4. Tell us about one of your first stories/characters!
Really? You honestly want to hear about that? Okay, so the first one I can remember was a big mash-up that consisted of a bunch of differently-sized characters wandering across a planet. That description makes it sound shit, but there is no way to make it even vaguely interesting or engaging given its’ origins – which, thankfully, I’m under no obligation to reveal again.
5. By age, who is your youngest character? Oldest? How about “youngest” and “oldest” in terms of when you created them?
Heracles may, possibly, be the oldest, though I’m not up to speed on the continuity of mythological beings. He may be older than Erinyes, and I know he’s got a few years on most of my other characters. The youngest is harder to answer. I use characters at different points in their lives for different stories, so at any one point in time I may be writing them then they are 8 and in their 60s in different stories. Best not to contemplate the problems that can lead to… There are also a couple of clones which complicate matters further.
6. Where are you most comfortable writing? At what time of day? Computer or good ol’ pen and paper?
I’m happy with either the computer, the laptop or pen and paper. The funny thing with choosing the way I create the story is the ability to alter the feel of the prose. Pen and paper makes for very stark, minimalist material, while the stuff I’ve written on the laptop comes across as more active and rushed. The desktop computer manages to balance out a lot of the bad habits with much deeper research into the worlds I play in. Time of day also affects the words, with night being when everything seems to come together for me.
7. Do you listen to music while you write? What kind? Are there any songs you like to relate/apply to your characters?
Each character has their own playlists, while each universe has its own tone. I’ll probably expand on this at some point, but I have plans for this in relation to some of the more complex elements I’m playing with – again, it gets very complicated, very quickly.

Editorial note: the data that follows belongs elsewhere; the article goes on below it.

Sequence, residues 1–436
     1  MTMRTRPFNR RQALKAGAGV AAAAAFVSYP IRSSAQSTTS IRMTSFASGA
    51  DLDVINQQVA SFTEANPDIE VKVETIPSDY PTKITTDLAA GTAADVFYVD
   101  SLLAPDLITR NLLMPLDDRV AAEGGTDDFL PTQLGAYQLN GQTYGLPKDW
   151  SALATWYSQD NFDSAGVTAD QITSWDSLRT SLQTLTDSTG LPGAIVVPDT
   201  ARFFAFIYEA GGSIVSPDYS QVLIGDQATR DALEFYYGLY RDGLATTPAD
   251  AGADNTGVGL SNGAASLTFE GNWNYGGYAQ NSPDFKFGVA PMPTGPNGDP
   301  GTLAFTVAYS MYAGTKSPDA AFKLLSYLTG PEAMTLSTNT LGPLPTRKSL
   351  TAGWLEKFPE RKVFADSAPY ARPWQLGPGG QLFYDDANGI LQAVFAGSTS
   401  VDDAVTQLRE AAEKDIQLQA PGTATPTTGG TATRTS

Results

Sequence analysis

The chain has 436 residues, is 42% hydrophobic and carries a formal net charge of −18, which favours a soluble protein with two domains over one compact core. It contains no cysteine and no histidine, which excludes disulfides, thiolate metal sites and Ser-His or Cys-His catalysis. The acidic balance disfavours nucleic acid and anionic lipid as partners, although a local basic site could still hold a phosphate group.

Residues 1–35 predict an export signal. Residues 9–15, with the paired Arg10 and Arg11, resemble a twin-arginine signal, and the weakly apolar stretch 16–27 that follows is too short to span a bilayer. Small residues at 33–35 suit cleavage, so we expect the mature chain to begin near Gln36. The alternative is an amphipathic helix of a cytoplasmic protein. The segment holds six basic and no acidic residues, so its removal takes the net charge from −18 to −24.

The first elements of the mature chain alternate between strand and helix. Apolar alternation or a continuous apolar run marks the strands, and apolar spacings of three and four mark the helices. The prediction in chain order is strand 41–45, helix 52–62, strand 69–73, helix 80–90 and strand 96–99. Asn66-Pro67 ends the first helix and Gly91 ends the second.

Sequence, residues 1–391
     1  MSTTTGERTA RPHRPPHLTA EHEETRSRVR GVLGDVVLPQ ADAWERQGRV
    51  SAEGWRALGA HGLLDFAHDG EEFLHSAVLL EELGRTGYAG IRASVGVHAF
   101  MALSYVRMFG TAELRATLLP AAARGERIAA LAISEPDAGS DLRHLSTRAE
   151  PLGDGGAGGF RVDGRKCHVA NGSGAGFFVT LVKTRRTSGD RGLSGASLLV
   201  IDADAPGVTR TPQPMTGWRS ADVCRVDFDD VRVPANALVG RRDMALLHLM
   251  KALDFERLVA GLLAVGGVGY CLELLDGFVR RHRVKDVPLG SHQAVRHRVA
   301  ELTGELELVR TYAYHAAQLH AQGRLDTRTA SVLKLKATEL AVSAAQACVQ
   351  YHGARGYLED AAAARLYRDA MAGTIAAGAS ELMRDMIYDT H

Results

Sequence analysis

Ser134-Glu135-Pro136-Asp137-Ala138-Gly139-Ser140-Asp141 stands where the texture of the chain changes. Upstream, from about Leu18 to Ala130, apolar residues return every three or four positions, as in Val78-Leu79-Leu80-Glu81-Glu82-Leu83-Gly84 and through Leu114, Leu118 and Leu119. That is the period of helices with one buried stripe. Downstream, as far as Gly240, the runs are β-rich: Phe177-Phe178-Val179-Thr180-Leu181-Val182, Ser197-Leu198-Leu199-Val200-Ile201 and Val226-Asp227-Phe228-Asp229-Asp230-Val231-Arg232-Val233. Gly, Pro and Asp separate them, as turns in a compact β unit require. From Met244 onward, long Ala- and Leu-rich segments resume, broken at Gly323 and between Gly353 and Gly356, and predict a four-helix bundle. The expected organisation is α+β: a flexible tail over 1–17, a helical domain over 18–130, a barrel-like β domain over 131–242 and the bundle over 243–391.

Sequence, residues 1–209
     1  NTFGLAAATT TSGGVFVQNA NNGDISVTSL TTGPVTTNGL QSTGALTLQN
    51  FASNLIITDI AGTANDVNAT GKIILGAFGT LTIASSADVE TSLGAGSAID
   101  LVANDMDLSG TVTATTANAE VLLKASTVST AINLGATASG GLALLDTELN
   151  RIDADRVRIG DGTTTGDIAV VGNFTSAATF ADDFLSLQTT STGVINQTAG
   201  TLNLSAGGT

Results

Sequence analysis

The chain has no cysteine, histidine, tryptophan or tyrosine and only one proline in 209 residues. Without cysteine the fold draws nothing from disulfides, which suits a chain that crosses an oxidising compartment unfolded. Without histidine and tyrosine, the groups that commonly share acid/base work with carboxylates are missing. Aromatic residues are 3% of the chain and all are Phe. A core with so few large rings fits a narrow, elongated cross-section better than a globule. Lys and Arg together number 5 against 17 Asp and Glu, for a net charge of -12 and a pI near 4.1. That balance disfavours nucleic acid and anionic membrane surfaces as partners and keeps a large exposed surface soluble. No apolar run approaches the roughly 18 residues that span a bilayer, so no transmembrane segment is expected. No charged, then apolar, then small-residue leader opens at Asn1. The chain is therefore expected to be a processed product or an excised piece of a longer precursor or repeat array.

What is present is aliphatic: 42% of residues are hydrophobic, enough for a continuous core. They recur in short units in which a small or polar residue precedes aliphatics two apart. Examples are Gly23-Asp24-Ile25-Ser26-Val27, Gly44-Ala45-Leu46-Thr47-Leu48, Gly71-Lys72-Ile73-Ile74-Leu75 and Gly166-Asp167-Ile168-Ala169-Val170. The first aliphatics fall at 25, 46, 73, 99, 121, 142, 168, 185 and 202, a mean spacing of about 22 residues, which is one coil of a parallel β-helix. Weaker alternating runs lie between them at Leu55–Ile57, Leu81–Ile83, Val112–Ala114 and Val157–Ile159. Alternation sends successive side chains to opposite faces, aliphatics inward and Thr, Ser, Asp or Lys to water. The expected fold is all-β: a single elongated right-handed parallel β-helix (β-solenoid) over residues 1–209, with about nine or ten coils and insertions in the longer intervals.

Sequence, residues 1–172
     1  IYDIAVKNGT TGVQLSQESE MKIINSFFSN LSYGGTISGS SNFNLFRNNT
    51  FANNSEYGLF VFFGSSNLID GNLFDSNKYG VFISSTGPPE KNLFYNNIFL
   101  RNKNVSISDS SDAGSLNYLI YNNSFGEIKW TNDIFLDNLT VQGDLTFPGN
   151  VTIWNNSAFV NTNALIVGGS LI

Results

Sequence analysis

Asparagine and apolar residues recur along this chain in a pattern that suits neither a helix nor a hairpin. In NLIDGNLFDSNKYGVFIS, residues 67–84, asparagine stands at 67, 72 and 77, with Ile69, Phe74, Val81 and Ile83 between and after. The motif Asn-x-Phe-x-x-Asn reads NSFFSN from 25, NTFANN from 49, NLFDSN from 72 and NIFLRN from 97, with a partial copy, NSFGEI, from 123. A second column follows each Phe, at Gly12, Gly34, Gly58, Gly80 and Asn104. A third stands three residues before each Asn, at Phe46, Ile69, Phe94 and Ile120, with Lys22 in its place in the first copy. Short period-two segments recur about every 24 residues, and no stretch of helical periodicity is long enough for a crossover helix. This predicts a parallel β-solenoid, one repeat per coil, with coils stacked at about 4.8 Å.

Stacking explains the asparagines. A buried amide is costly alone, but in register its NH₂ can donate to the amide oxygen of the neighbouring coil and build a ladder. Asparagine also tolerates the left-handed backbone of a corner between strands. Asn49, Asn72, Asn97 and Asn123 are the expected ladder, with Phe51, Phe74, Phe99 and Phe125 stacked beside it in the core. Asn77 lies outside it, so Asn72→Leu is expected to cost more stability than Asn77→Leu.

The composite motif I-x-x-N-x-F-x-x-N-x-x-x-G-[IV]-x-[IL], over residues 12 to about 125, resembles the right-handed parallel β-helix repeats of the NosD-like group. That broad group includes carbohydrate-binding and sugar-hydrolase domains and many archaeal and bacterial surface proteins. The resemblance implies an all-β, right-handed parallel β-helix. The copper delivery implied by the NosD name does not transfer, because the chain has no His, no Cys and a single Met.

8. What’s your favorite genre to write? To read?
Genre-blind, remember? I like anything which move outside of the comfortable, label-friendly genre constraints, so a horror-western, comedy-SF, or twisted political-fantasy would appeal more than something that doesn’t veer far from the mainstream. The well-worn paths are boring once the essential components have been read, and the best of the genres been understood and filed away for future reference.
9. How do you get ideas for your characters? Describe the process of creating them.
I don’t create the characters. They’re there already, and I just find them. Mostly I find them doing things they shouldn’t be doing… They also tend to talk back to me.
10. What are some really weird situations your characters have been in? Everything from serious canon scenes to meme questions counts!
The weirdness factor is off the scale. Cursed gold, ghosts who solve crimes, the hunt for the charred bones of an angel (or alien posing as an angel) under a cathedral… The tightly-packed multiverse of characters and events seems to run on the weirdness sometimes, with pauses for random acts of violence. Here’s something else – I consider everything I’ve written (no matter how contradictory) to be canon. The fact that most of my characters exist in-between the things normal stories would focus on helps this, allowing for very strange things to seem almost workaday.